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In comedy, timing is everything.

Change the timing, and a comedy can quickly turn into tragedy.

In music, timing is the foundation of everything.  Even in freeform stuff like Eric Whitacre’s work, there is a time to let go of a chord.  The right time.

You’ve seen movie scenes that have made your eyes roll heavenwards: “Will this ever end?  Shut up arready.”  And I’m sure you’ve read books that have places in them that act on your forward motion like deep sand takes a runaway truck.

Or sometimes, things just happen too fast.  CG guys love to have things happen just inside the too fast zone—that way, no body notices the gaffs in the graphics.  But when’ you’re watching a real story, you kind of want to know what’s going on, which means that things have to happen so that you can tell what’s happening, and then there has to be a tiny pad built in – a pause, a long look, a pan back – so that your brain has time to process what it’s just seen within the context of the larger narrative.

And so it is with writing.

From the formation of the first sentence, to the size of your paragraphs (William Faulkner – are you listening?), to the rhythm of your dialogue – and the length of it – descriptions, word choice, chapter endings and beginnings, all of these are involved in the pacing of your book.  Dwell too long on a dramatic, emotional scene, and you lose readers.  Keep back all the juicy stuff till the end, your reader just might bail on you.  Cram too much in  too quickly, ditto.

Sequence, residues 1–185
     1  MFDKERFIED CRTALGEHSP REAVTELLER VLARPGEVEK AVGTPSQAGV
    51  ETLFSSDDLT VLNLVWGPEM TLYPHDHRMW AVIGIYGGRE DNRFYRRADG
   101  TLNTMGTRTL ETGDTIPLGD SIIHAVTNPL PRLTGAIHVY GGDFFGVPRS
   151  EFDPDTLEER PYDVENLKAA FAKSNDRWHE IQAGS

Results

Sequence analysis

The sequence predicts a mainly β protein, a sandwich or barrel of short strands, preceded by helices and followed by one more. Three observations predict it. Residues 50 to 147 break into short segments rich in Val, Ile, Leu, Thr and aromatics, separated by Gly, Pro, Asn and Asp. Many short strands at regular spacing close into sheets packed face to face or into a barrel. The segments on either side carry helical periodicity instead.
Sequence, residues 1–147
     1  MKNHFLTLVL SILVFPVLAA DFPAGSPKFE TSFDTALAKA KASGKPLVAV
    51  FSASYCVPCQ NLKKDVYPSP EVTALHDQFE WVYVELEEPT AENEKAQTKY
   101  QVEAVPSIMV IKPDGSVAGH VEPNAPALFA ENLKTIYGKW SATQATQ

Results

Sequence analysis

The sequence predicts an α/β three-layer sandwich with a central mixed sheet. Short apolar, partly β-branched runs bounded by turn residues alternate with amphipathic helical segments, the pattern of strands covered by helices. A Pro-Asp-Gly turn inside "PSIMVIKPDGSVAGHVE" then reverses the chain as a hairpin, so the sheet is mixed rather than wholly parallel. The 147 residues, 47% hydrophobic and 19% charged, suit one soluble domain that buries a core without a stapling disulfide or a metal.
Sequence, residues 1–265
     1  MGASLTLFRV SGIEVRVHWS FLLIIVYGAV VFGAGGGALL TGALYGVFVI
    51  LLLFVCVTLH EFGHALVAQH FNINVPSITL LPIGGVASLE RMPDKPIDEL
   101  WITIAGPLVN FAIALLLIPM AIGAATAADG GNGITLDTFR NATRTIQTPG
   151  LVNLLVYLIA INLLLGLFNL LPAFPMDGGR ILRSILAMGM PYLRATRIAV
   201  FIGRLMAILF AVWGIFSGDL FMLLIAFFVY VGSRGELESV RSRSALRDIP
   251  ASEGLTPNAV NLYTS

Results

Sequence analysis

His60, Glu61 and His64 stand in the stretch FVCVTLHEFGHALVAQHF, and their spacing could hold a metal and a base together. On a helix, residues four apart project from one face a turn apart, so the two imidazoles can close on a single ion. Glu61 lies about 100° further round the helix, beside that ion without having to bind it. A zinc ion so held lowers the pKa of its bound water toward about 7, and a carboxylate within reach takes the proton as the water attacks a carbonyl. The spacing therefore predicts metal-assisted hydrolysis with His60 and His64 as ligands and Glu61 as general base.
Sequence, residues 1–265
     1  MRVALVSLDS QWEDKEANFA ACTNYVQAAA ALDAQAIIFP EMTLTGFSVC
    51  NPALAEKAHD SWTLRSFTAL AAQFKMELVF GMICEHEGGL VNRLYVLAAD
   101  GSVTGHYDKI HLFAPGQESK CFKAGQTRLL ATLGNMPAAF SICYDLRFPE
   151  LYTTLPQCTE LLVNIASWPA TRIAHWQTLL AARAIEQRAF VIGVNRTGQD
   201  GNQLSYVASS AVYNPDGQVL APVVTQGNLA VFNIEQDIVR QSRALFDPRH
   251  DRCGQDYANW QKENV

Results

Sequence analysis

We’ll talk about the sacred cows in another section, but it interfaces nicely with this one.

One thing you can do is read your work out loud to yourself – or, if you have a willing victim, to someone else.  As you read, you will begin to feel how long something is going, or how abruptly something has just happened.  Are you feeling impatient to get to the end of what you’re reading?  Are you left unsatisfied with the abbreviated way that was put?  Learn from that and rewrite.  Rewrite as many times as it takes to get the FEEL right.  But if you end up re-writing more than about three times, put the manuscript aside for a year.  Then pick it up – and do one more fresh re-write, this one from the beginning – and see what happens.

By doing a lot of good reading, I think we learn a sense of effective timing.  Some people are born with perfect pitch – some with a perfect sense of rhythm.  Others of us have to learn these things.  And some people may never get it.  But exposing ourselves to the masters doesn’t hurt.  Except, by masters, I don’t mean Nathaniel Hawthorn, who does not shine in this particular consideration.  Caveat: if you read boiler plate stuff as your staple, you are doing yourself harm.  Dumbing yourself down.  Programming your brain with inferior patterns.  So be careful of what you ingest.

Then again, if money is what you’re after – read the junk that sells.  That’s really the way I learn a different style.  Reading it.

But choose intelligently and deliberately.  Once you get programmed with a style, it’s really hard to shake off.